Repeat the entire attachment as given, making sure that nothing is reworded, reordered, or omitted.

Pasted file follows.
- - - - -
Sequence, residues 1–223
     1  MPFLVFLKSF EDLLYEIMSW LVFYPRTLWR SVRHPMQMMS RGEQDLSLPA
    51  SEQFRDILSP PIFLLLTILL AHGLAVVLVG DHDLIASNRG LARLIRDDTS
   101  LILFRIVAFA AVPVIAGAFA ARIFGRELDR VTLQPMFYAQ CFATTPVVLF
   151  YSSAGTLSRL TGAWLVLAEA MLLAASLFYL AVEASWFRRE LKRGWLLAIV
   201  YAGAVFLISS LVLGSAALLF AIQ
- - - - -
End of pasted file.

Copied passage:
Sequence, residues 1–223
     1  MPFLVFLKSF EDLLYEIMSW LVFYPRTLWR SVRHPMQMMS RGEQDLSLPA
    51  SEQFRDILSP PIFLLLTILL AHGLAVVLVG DHDLIASNRG LARLIRDDTS
   101  LILFRIVAFA AVPVIAGAFA ARIFGRELDR VTLQPMFYAQ CFATTPVVLF
   151  YSSAGTLSRL TGAWLVLAEA MLLAASLFYL AVEASWFRRE LKRGWLLAIV
   201  YAGAVFLISS LVLGSAALLF AIQ